Matt Fleischman, Ph.D.
Matt Fleischman received his Ph.D. in 1976 from the University of Oregon. Upon graduation he served as the principal investigator for a large-scale multi-site outcome study related to the treatment of aggressive children. He’s been in private practice as a Licensed Psychologist and a Licensed Marriage and Family Therapist for over 15 years. He has used EEG Biofeedback for the last seven years. He’s a specialist in attention and behavior disorders in children and is the author of a book and producer of several video tapes on those subjects.
From an interview with Mike Cohen,
Southern Institute of Psycho-Physiology, August 1996.
Reflections on the mechanisms underlying Neurofeedback
It seems to me that Neurofeedback has a lot of similarities to recent developments in psychiatry that involve modifying serotonin. Serotonin is the neurotransmitter of self-regulation. Prozac, among other SSRI class of drugs increases the available supply of serotonin thereby improving the self-regulation of dopamine and epinephrine, other regulators of our mood and behavior. The SSRI drugs involve direct modification of the chemical composition of the brain. Neurofeedback comes at it from a different angle, from changing the brains own self- regulation of its electrical system. If you think of the brain as a electro-chemical system, then it should be possible to get the same effect from entering from either direction. What is different about neurotherapy is that it draws upon the brain’s very essence, its ability to modify its own performance.
Has Neurofeedback changed what you do for clients?
For ADD/ADHD, Neurofeedback has provided me with another treatment alternative or option. Prior to neurotherapy my work typically involved three aspects.
1. To appropriately diagnose the conditions and to educate the client as to what that means.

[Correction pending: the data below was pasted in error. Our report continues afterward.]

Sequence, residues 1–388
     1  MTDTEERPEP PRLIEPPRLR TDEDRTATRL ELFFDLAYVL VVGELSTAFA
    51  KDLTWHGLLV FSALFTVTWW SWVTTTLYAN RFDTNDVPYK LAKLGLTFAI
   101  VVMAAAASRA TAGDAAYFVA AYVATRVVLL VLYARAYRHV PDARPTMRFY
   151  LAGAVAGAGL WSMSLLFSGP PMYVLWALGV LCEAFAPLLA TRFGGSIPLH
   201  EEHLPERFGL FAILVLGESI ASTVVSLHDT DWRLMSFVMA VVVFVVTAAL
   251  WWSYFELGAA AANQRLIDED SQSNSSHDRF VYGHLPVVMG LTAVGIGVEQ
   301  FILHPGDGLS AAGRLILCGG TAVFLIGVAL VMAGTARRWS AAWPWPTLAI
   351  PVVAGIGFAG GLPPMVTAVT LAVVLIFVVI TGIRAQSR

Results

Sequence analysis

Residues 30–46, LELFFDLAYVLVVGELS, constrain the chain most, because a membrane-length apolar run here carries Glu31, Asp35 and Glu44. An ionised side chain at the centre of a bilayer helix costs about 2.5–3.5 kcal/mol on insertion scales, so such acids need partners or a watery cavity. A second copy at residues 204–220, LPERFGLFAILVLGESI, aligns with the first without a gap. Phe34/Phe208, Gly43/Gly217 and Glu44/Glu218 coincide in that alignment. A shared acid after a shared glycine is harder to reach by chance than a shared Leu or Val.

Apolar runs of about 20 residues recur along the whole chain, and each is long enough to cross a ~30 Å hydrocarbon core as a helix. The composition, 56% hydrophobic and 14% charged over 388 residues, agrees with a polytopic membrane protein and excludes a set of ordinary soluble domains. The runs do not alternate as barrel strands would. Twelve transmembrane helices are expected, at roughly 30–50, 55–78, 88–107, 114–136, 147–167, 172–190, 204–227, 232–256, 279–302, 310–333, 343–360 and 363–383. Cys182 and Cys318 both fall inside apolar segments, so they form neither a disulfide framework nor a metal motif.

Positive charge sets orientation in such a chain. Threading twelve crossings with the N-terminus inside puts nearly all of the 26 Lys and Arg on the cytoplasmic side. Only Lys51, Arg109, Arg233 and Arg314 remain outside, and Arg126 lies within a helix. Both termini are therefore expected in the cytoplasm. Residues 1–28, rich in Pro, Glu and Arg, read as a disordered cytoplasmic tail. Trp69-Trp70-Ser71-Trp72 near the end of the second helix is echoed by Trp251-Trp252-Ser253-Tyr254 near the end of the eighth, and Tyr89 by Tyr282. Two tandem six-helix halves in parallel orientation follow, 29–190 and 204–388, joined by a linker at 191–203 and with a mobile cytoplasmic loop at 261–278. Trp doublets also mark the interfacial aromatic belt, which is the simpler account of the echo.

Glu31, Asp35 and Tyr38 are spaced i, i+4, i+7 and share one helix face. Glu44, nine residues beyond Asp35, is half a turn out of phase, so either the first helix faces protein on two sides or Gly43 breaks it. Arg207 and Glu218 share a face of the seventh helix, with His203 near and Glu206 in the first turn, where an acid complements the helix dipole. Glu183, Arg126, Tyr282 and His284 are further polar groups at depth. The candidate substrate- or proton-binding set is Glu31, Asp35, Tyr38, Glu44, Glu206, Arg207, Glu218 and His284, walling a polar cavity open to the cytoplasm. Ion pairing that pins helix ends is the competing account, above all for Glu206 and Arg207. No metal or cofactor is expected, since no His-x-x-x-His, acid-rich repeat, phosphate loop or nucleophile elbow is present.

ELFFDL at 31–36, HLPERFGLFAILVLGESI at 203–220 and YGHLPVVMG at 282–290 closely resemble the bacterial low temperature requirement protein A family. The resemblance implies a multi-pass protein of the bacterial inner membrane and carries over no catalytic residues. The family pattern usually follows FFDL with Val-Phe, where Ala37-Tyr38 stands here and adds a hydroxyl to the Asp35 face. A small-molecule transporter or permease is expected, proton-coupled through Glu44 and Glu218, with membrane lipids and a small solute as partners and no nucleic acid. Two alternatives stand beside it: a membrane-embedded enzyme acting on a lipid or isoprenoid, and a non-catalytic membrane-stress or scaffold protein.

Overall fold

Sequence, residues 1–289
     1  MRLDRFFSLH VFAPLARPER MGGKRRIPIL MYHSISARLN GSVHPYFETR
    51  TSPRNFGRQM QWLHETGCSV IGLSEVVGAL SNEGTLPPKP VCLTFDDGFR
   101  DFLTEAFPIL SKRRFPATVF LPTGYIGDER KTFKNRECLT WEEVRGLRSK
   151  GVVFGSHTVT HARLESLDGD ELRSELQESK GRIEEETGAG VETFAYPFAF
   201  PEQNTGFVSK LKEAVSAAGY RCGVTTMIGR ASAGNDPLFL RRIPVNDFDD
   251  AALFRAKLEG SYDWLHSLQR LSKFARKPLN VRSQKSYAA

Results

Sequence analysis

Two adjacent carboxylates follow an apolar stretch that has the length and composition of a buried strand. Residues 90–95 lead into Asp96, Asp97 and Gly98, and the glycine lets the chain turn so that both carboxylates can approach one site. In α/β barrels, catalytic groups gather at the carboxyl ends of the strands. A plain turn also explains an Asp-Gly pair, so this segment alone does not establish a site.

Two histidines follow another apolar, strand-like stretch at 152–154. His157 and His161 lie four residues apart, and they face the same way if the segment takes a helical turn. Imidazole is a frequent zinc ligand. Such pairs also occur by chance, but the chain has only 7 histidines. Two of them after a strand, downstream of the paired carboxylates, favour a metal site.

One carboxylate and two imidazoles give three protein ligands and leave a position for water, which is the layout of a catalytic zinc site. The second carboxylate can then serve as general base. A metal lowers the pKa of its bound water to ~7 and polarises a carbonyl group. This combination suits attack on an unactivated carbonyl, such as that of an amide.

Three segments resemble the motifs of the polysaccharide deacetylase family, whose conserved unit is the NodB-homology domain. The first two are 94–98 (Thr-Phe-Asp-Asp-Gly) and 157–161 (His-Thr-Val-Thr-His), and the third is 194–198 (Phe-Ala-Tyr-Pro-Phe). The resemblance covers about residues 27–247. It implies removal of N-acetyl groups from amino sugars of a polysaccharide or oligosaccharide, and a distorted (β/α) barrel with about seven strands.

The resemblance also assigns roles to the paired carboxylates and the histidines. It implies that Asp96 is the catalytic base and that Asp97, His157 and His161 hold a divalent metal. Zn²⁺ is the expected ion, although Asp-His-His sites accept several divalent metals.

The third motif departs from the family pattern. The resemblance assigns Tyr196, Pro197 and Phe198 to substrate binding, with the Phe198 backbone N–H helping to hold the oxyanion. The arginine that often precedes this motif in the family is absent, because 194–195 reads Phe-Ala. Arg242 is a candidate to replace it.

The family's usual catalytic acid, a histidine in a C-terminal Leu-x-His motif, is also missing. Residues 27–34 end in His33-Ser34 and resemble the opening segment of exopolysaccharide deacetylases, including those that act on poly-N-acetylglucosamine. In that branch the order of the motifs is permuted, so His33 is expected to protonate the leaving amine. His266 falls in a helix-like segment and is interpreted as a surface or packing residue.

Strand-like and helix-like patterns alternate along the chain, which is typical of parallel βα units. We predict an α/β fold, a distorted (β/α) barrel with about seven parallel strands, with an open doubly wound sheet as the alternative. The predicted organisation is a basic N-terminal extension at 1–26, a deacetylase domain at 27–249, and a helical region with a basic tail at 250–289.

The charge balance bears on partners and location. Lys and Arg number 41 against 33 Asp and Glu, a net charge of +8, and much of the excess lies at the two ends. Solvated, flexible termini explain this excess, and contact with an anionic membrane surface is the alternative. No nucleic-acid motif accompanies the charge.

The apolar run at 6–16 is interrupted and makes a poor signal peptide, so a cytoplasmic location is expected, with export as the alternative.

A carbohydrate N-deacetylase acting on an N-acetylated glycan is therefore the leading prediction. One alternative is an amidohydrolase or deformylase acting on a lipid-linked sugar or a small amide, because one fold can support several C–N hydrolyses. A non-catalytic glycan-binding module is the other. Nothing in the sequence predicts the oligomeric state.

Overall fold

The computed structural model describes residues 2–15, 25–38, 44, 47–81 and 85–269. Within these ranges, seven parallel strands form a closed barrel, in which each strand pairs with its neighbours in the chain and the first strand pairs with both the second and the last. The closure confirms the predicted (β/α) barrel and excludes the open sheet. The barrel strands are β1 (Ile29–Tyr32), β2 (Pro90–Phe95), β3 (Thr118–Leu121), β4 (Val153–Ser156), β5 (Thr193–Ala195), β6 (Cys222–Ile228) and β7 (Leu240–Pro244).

2. To provide behavioral and environmental management training to the parents of these children. As I explain to the parents, for most kids, being a ‘good enough’ parent is good enough. With these kids, being a ‘good enough parent’ is not good enough, you have to be a better parent. In school, the teacher has to be a more effective teacher. At both home and school, you have to learn to structure the environment to help.
3. The third thing is working with the physician around medication. Being able to titrate medication on an objective basis is very helpful. I have found the TOVA very helpful for fine tuning the dosage, and determining how often you need it. One can run a full ADD practice with these three approaches.
Neurofeedback has given me a fourth option. With some kids, it permits treatment without medication. For others it enables the meds to work better or at a lower dose. For kids who are already medicated, it is a way to get them off it. Even kids who respond well to medication eventually want to get off it, particularly as they reach adolescence. I was much less successful at getting kids off the meds before I introduced Neurofeedback.
For many children, I get better results with Neurotherapy than I did with medication. There is a clearer improvement in mood, less angry, less over-reaction to frustration, better emotional self-control. You also get improved cognitive ability.
I won’t say I get 100% results, but it does help most kids. Where medication is better is that it gets an immediate effect and the time and costs involved are considerably less especially as medical insurance will almost always pay for medication and only occasionally pay for Neurofeedback. Neurofeedback is time consuming and for a child (and the parents who have to bring them in, six months can seem like a lifetime. Hopefully in time we can learn to make it go much faster. We are starting to see a faster response and a higher hit rate from newer protocols but we have a lot of room for improvement.